It s a little concerning that she seems to have little background in immigration security and policy, but those individual agencies are in good hands already, and there is a strong core of career managers, said Jessica Vaughan, director of policy studies at the Center for Immigration Studies, which favours more limits on immigration.
Politico first reported the appointment.
Reporting by Steve Holland in Washington; Additional reporting by Yeganeh Torbati, Dustin Volz and Doina Chiacu; Writing by Will Dunham; Editing by James Dalgleish
British experts have met to assess w hether the Russian airliner crash in Egypt should force any change in UK security plans and travel advice amid speculation a bomb may have brought the plane down.
Prime Minister David Cameron said people should not stop flying to the popular Red Sea resort of Sharm el-Sheikh despite claims by airline Metrojet that its aircraft was brought down by an “external impact”. Investigations continue into what caused the Airbus A321-200 to crash into the Sinai desert on Saturday, killing all 224 people on board. British military analyst Paul Beaver said he thought the crash was most likely caused by a bomb on board.
He said he was certain Islamic State – who initially claimed responsibility for the crash – do not possess a missile system capable of hitting the plane. He said: “I’m pretty convinced that Isis (IS) doesn’t have a ‘double-digit’ SAM (surface-to-air missile) that is necessary to go up as far as 31,000 feet. “That’s a very serious piece of equipment, and I don’t think they have that sophistication.”
He also said the Sinai desert is well-scrutinised by intelligence agencies, so a missile would have been seen. His comments came after Alexander Smirnov, the deputy general director of Russian airline Kogalymavia – also known as Metrojet – ruled out a technical fault with the plane. There had been no distress call or contact with air traffic control in the run-up to the crash, he said.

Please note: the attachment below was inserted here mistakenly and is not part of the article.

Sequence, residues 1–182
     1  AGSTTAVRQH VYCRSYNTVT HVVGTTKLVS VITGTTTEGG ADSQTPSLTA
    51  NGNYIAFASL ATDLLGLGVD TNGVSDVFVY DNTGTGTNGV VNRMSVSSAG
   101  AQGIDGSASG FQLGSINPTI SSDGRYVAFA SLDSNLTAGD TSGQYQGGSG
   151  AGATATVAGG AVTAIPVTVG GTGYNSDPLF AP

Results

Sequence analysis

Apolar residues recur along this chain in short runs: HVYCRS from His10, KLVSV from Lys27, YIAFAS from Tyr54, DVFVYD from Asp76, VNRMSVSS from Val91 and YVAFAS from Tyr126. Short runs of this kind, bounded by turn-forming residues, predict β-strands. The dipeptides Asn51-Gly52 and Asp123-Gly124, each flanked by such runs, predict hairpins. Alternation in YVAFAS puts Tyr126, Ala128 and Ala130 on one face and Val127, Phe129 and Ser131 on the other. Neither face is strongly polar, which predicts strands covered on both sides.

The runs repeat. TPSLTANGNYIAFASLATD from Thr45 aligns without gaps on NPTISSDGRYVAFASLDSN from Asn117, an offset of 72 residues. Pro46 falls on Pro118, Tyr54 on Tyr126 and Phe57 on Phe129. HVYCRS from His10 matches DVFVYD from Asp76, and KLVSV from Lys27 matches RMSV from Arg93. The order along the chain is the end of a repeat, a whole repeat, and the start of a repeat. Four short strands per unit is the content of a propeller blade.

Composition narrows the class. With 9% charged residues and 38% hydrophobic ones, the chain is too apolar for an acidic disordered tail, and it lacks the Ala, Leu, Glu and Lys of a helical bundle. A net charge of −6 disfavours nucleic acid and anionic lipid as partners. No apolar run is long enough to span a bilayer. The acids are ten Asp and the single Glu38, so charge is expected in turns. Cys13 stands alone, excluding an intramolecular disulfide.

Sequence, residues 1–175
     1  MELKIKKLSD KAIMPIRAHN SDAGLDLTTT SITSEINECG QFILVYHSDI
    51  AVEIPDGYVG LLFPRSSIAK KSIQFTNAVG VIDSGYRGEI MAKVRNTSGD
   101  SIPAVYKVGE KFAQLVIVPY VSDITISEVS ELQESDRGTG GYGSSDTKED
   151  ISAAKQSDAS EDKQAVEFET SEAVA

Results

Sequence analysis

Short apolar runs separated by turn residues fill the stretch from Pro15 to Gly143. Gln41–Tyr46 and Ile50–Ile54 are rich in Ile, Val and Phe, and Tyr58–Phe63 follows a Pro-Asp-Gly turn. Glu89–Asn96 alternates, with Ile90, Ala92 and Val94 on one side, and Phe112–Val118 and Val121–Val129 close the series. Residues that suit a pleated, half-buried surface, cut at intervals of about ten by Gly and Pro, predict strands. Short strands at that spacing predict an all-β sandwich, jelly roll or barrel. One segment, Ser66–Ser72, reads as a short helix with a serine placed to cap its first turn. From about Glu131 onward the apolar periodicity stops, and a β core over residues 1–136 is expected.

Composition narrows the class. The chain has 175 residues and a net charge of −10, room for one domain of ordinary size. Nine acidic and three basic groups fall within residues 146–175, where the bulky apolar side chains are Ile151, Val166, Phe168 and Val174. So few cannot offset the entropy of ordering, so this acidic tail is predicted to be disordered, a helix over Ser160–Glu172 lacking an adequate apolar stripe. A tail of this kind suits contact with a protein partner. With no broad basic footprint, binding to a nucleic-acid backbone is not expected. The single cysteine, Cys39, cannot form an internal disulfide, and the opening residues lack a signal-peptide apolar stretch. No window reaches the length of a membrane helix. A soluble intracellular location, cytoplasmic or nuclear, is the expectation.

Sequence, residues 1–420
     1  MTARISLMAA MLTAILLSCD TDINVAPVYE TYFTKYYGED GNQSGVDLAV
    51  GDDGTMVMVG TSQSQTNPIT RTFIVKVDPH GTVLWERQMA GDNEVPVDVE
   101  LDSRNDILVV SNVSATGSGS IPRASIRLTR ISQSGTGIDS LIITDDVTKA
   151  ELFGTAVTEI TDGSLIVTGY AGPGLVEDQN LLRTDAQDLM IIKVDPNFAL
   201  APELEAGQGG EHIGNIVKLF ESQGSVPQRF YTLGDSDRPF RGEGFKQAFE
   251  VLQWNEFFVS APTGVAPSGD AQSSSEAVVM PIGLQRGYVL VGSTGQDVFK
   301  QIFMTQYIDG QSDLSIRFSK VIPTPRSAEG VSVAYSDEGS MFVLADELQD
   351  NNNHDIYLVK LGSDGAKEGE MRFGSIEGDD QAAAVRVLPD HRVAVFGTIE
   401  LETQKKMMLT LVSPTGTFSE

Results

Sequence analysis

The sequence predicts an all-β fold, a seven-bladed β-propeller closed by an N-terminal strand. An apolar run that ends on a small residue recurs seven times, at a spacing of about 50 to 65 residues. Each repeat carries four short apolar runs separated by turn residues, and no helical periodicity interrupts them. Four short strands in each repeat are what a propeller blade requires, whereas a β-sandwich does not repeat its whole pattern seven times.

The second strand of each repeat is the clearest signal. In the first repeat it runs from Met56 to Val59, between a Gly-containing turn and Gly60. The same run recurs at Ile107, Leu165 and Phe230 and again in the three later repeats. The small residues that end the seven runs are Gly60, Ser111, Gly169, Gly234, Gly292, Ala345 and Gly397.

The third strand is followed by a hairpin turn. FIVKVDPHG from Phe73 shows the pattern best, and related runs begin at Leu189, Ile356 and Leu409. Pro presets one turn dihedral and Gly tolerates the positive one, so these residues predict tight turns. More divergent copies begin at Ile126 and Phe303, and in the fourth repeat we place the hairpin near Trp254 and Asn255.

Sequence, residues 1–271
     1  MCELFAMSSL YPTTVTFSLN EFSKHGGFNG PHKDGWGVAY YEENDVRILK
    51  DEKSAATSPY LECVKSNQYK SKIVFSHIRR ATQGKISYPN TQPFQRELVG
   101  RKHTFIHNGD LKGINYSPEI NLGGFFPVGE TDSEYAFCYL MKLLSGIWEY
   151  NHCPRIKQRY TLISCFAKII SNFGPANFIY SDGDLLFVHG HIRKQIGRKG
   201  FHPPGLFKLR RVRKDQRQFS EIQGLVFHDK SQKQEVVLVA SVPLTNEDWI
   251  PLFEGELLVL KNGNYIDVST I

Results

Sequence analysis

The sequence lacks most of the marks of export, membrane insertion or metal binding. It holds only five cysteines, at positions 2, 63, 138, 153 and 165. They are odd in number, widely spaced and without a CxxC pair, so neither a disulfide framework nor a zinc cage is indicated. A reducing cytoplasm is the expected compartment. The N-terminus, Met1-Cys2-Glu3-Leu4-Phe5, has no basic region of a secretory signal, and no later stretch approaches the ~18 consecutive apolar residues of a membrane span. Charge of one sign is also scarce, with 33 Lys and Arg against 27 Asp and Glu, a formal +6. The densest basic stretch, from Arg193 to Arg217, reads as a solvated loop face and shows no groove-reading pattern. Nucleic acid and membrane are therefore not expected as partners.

He told a news conference: “There are no such things as engine failure or other defects that could lead to an aircraft breaking apart in mid-air. “Sometimes a few system failures and additional factors could end in a crash. “But the damage would be during impact on the ground and not in mid-air.
In theory, it is possible that it could break apart after an overloading. “But there are safety systems that would prevent airplanes from going (in the air) under huge pressure. And the only reasonable explanation was that it was some external influence.”
Mr Cameron said security officials were “looking very carefully” at whether there was any ongoing safety risk posed by the incident. Around 900,000 Britons visit Egypt every year, and any change about security information would not be based on “speculation” about the causes, he told ITV. Mr Cameron, who spoke yesterday with Russian president Vladimir Putin about the crash, added: “If anything changes, we don’t sit around and chew our pens and not act.